2. Consultation and Assessment
        Before a penalty for an infraction is imposed, the faculty member should attempt to assess the appropriateness of the penalty with the student. Faculty are also encouraged to confer with their colleagues in arriving at a conclusion as to what constitutes a reasonable penalty that is neither too harsh nor too lenient. In cases of academic dishonesty, a range of penalties may be appropriate. In cases of plagiarism, or cheating on an examination, some faculty give failing grades for the assignment or examination and others give failing grades for the course. In cases in which the grade of F is awarded for the course, the student may not withdraw from the course.
    2. B. The instructor must inform the Provost and the Dean of Students of each violation by completing the "Honor Code Violation Report." This information will be filed electronically and exclusively in the Provost’s Office and the Dean of Students Office until the student graduates. A copy of the “Honor Code Violation Report” must also be given to the student by the faculty member within ten (10) days of the date of the determination of the infraction.
    3. An undergraduate student who commits a second violation of academic honesty shall be subject to suspension or dismissal. The Office of the Provost shall inform the student by letter of both their status and his or her right to appeal.
  4. Right of Appeal
    1. The student has the right to appeal a charge of academic dishonesty, the grade resulting from the charge, or a suspension/dismissal decision.
    2. Upon receipt of notification from the Office of the Provost, the student has seven (7) business days to appeal to the Office of the Provost a charge of academic dishonesty, the grade resulting from the charge, or a suspension/dismissal decision via Provost@hofstra.edu. Within seven (7) business days of the appeal, the Provost shall review the appeal and the procedures followed up to that point. During this timeframe, the Provost shall see that any procedural violations are remedied and attempt to mediate a resolution of the dispute.
    3. C. If resolution is not achieved, the Provost will appoint an Ad hoc Board of Appeals and schedule a hearing in seven business days. This hearing will be held within 21 business days, at the earliest date possible in the academic calendar. The Ad hoc Board of Appeals will consist of three (3) voting members chosen from the Honor Board, including one (1) student, one (1) academic administrator, and one (1) faculty member. In addition, the Ad hoc Board of Appeals will contain four (4) non-voting members including a representative from the Provost’s office (who chairs the Ad hoc Board of Appeals), the Division of Student Enrollment, Engagement, and Success, the Dean’s office in the school or college where the alleged violation was said to have occurred, and the department (normally the Department Chair) where the alleged violation was said to have occurred. Should the alleged violation involve Hofstra-supported technology (e.g., a Learning Management System), at least one (1) representative from Education Technology and/or ITS will be present as a non-voting member.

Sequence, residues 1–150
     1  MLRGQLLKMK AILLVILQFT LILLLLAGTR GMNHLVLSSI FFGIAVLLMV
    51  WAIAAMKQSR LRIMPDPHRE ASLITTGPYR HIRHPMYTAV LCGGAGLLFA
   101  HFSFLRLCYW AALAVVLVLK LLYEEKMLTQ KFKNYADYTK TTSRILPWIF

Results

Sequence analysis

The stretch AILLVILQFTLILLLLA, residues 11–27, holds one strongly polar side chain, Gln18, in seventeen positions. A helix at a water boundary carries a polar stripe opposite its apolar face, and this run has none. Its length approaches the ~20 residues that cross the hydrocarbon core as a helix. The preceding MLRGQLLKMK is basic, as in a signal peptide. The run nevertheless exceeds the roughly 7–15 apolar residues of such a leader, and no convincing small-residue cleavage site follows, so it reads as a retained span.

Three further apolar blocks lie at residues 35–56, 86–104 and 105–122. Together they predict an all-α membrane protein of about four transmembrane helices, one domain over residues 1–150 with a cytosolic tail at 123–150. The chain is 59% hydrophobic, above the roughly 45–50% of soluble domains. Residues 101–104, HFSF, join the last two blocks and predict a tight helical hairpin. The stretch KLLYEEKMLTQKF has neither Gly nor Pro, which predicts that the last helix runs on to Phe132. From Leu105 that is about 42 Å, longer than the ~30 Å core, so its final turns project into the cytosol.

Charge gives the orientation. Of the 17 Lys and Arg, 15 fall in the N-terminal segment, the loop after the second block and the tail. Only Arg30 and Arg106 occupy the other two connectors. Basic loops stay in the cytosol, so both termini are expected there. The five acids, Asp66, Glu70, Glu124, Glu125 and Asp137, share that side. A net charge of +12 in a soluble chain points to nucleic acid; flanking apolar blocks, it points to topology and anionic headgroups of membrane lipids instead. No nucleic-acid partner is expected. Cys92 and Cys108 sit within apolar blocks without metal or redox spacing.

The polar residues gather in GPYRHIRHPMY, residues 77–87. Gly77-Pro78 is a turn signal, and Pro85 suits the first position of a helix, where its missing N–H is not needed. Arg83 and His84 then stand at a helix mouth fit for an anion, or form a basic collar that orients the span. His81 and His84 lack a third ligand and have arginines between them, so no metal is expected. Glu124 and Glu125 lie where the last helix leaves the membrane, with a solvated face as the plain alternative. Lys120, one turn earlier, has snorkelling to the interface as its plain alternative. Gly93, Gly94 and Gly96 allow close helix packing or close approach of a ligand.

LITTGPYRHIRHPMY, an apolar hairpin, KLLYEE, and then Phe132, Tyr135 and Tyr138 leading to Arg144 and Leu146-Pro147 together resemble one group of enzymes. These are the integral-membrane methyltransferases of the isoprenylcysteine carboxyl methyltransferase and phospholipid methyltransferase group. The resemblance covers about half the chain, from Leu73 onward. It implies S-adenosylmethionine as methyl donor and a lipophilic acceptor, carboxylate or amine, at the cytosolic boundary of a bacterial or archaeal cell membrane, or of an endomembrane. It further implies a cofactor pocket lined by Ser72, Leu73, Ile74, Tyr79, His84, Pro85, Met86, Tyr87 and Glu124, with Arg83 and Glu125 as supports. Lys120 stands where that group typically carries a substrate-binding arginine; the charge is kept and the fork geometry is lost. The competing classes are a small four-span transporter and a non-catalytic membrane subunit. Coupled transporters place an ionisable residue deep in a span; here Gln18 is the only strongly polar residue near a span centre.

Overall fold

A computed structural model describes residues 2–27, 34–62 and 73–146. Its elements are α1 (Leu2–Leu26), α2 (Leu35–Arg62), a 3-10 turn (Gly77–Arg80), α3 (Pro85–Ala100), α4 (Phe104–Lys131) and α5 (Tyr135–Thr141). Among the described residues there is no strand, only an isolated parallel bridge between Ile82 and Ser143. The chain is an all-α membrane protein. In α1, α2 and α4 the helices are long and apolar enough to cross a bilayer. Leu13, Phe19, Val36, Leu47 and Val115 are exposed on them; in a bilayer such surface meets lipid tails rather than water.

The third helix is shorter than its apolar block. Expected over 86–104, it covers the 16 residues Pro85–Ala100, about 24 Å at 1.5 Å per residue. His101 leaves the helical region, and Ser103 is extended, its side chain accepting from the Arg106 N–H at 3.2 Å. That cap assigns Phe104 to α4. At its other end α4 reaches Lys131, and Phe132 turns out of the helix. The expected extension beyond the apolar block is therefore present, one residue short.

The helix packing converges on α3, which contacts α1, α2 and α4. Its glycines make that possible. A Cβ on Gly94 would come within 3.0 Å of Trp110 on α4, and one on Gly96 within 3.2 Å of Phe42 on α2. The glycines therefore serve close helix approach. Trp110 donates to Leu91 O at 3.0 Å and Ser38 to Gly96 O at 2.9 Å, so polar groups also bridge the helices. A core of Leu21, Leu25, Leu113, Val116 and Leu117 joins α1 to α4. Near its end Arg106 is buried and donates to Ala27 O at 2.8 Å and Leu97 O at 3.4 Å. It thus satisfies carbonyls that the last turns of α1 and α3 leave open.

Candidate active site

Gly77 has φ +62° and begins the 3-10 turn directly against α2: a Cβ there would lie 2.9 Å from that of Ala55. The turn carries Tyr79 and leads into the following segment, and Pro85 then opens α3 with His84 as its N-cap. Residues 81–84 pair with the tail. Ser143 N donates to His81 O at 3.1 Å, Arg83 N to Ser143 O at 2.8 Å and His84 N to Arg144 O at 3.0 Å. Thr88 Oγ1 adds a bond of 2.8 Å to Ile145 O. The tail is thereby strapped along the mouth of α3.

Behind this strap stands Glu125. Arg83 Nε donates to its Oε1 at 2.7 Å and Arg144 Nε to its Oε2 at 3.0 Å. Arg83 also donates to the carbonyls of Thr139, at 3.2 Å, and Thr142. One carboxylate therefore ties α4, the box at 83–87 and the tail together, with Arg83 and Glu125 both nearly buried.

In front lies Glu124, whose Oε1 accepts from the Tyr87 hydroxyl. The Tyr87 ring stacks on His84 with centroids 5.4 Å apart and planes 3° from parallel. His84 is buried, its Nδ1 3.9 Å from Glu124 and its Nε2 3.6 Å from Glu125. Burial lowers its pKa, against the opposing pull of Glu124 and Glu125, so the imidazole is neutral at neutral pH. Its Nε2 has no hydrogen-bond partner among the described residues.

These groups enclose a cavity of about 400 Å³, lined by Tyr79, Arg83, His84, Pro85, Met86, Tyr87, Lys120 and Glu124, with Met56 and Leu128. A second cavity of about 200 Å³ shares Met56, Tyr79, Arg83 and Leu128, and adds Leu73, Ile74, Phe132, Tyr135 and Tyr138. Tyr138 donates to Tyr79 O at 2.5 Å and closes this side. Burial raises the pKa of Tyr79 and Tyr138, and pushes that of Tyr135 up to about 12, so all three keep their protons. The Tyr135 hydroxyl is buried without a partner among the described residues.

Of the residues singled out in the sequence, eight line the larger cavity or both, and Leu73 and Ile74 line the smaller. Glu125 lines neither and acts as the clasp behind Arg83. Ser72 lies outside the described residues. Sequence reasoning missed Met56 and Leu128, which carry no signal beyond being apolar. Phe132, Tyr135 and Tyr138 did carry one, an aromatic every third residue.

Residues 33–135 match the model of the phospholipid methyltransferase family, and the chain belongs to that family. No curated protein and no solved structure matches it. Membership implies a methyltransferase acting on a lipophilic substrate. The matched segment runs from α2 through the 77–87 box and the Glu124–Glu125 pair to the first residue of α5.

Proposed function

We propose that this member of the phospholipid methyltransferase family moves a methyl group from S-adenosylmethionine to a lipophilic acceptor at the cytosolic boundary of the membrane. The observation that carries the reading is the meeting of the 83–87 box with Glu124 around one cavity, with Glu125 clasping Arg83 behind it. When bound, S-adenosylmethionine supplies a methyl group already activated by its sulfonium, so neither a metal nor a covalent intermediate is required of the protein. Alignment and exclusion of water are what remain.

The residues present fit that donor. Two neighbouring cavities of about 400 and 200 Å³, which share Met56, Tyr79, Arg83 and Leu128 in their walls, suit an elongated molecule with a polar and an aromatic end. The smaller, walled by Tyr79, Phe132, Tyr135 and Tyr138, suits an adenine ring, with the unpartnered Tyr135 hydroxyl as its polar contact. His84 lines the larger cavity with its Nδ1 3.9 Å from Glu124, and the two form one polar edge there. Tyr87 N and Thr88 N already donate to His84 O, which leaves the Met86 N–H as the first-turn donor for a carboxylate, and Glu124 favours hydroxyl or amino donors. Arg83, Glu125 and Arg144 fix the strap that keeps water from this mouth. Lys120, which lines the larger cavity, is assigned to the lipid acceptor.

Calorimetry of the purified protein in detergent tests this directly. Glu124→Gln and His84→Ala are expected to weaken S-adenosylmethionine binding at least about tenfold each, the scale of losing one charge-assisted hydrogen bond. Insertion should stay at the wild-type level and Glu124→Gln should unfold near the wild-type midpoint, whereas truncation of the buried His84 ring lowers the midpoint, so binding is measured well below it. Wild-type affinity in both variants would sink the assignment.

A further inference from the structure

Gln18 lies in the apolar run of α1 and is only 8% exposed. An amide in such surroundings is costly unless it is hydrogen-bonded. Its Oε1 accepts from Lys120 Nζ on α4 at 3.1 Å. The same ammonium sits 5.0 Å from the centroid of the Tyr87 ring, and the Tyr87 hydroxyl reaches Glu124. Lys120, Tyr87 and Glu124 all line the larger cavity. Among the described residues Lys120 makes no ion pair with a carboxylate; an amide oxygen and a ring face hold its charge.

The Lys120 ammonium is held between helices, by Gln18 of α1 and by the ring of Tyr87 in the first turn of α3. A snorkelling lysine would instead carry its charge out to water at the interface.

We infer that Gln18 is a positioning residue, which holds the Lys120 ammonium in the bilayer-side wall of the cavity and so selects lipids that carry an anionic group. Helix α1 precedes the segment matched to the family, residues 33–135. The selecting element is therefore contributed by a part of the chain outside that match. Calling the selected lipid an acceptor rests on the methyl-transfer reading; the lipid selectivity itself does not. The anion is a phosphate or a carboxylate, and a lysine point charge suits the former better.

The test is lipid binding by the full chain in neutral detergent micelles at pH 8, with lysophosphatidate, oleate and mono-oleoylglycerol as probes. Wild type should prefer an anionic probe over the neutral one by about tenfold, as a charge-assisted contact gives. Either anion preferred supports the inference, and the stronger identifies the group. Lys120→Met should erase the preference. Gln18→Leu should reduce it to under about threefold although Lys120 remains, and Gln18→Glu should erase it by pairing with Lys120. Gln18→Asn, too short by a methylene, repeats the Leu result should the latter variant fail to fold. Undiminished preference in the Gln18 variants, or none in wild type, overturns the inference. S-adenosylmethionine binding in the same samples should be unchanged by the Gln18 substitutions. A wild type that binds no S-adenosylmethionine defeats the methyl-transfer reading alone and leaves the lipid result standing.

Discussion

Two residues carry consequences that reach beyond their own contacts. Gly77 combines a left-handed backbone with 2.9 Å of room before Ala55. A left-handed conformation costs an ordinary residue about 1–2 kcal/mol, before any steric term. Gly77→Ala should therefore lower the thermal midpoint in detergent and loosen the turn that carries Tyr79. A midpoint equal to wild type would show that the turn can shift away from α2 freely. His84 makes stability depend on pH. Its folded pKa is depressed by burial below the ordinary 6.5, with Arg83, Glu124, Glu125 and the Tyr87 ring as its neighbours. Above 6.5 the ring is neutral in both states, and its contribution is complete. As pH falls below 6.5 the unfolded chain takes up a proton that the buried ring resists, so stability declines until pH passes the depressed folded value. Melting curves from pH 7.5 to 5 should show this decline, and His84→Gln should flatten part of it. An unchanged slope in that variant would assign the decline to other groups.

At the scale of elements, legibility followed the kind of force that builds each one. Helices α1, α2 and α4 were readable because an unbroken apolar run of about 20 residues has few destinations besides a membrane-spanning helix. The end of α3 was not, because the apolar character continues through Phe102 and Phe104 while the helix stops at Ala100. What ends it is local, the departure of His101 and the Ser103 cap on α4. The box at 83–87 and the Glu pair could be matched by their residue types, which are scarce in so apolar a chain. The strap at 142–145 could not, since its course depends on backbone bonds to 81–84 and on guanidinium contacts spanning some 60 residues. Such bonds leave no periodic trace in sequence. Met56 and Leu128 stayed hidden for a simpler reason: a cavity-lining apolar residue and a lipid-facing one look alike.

4. The Ad hoc Board of Appeals will be governed by the following bylaws:
      1. The presumption of innocence shall apply. The board shall review the case de novo: The burden of proof of the violation and the justification of the penalty is upon the faculty member making the charge.
      2. The student must have an explicit statement of the charges and a reasonable amount of time prior to the first formal meeting of the Board.
      3. The student may have an adviser of his/her choice from within the University.
      4. Both parties must be present when either party is presenting statements or evidence to the Board.
      5. Both parties may elect to present evidence or call witnesses on their behalf.
      6. Both parties must receive copies of written evidence presented to the Board.
      7. Both parties may elect to cross-examine those who appear.
    5. Decisions of the ad hoc Board of Appeals are final and binding and will be presented in writing to the student and the faculty member, with a copy to the Provost.

Download Faculty Policy Series #11

FPS #11
(rev. 2022)